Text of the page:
The study looked at death rates over a 28-year period
Being female or rich offers no defence against the ill heath caused by smoking, according to a new study.
Researchers from Glasgow University and NHS Scotland looked at the impact of smoking on the survival rates of 15,000 men and women over a 28-year period.
They found smokers of all social classes had a much higher risk of premature death than even the poorest non-smokers.
The survival advantage women normally have over men was also cancelled out.
The study, one of the first to examine the long-term impact of smoking on older men and women, was carried out by Dr Laurence Gruer and Dr David Gordon from NHS Health Scotland, and Professor Graham Watt and Dr Carole Hart from Glasgow University.
Their findings are being published in the British Medical Journal (BMJ) online and conclude "in essence, neither affluence nor being female offers a defence against the toxicity of tobacco".
The study revealed that a well-off professional who smokes has a much lower survival rate than a non-smoking low-paid worker of the same sex.
The researchers recruited 15,000 men and women in 1972 from Renfrew and Paisley in the west of Scotland.
The participants were grouped by gender and social class and further divided into smokers, never-smokers and ex-smokers.
Deaths rates for the groups were assessed after 14 years and 28 years.
The findings showed that, during both follow-up periods, smokers had much higher death rates than never-smokers among both women and men and in every social class.
After 28 years of follow-up, 56% of female never-smokers and 36% of male never-smokers in the lowest social classes were still alive compared with only 41% of female smokers and 24% of male smokers in the top two social class groups.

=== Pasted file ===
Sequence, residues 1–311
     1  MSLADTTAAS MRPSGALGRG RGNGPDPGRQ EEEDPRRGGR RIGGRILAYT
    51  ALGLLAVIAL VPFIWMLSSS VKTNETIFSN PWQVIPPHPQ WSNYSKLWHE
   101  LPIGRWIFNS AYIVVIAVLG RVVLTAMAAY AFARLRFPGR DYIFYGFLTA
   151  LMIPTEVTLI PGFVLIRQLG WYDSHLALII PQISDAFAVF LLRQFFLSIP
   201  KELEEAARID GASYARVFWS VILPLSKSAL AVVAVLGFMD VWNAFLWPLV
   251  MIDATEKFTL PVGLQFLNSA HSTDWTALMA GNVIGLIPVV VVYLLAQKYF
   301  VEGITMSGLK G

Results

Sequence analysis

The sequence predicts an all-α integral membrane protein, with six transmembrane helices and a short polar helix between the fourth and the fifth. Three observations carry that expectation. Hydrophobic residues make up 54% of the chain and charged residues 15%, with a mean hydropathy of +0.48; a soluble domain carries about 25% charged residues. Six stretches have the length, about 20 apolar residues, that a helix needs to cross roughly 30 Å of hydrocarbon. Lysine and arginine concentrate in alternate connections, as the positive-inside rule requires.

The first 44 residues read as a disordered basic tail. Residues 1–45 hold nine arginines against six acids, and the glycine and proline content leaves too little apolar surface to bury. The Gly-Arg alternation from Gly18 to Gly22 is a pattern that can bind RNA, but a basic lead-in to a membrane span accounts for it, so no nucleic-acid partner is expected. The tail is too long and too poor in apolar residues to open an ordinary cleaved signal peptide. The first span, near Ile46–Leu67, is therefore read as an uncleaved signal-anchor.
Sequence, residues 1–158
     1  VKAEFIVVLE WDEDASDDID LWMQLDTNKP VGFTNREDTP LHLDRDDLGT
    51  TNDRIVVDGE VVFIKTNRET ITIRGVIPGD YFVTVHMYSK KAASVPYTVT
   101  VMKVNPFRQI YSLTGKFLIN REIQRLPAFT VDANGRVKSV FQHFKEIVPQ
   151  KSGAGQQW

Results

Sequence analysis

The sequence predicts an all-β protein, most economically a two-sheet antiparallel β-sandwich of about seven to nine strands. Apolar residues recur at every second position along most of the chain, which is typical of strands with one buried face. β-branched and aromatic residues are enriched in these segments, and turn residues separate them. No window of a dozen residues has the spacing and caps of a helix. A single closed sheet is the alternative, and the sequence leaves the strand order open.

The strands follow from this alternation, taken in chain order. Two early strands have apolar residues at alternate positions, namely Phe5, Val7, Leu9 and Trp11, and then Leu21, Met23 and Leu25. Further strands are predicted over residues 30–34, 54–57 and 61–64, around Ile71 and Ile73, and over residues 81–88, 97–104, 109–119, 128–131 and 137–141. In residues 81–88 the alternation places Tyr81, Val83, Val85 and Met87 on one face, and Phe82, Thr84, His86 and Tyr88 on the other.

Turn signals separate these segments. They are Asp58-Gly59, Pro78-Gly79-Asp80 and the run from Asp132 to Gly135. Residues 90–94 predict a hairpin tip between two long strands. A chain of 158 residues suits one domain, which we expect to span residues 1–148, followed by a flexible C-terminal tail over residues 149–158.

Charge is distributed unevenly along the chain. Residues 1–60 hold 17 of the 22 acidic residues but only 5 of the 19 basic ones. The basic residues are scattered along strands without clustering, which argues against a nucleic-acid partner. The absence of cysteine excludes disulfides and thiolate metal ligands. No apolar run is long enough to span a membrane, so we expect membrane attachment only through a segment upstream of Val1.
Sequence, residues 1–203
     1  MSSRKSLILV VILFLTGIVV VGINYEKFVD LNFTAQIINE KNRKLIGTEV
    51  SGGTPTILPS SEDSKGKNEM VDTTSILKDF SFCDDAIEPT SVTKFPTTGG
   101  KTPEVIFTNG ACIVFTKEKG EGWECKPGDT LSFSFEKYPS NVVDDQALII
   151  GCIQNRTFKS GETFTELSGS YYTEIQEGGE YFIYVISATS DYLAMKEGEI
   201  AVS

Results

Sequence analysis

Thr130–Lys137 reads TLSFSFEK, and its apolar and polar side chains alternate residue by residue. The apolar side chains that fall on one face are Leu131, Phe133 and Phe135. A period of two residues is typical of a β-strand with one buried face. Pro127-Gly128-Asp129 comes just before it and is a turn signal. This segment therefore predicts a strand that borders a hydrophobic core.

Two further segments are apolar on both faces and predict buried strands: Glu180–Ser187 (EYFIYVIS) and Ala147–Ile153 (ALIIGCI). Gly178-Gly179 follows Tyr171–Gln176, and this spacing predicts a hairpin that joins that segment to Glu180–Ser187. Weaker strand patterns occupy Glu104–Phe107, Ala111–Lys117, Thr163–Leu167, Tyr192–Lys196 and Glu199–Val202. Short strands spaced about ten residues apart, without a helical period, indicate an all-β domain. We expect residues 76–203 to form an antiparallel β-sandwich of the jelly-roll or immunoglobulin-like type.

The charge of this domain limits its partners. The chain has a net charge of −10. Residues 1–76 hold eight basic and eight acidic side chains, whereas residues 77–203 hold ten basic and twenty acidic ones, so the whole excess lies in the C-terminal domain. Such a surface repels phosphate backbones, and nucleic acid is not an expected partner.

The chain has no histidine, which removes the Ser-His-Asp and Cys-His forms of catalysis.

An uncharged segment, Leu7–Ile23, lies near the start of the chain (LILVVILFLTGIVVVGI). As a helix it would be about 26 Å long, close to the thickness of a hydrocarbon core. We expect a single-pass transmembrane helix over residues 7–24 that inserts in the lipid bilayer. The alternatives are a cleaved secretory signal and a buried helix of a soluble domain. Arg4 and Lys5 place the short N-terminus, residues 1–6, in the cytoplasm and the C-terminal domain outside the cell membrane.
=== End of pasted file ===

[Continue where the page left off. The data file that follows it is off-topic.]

Smokers in the lowest social classes fared even worse.
The study found that quitting made a difference regardless of class
On a positive note, the study found that the death rates of ex-smokers were much closer to those of never-smokers than smokers, showing that quitting does make a difference regardless of social position.
Dr Gruer, director of public health science at NHS Health Scotland, said: "This study reinforces current policies in the United Kingdom and other countries aimed at helping smokers stop smoking.
"Accessible and effective smoking cessation advice and services, as well as strong action to discourage young people from starting to smoke, are key to reducing health inequalities. With over 23% of adults in the UK still smoking, rising to well over 40% in some places and groups, it's crucial we continue to make smoking cessation a top priority."
Commenting on the study, Health Secretary Nicola Sturgeon said: "This research reinforces the message that stopping smoking - or never taking up the habit - is the biggest single thing anyone can do to improve their health.
"We're committed to driving down smoking rates for everyone in Scotland as part of our drive to improve the nation's health.
"Measures already introduced - coupled with further moves to be introduced as part of the Health Bill - are designed to help achieve this."
She added: "As we work to reduce health inequalities, we must ensure we don't widen the inequality gap by targeting better off people who are more likely to respond to 'quit smoking' messages.
"That is why we need to target smoking prevention measures among young people in deprived communities and provide more effective support to help smokers in those communities to quit."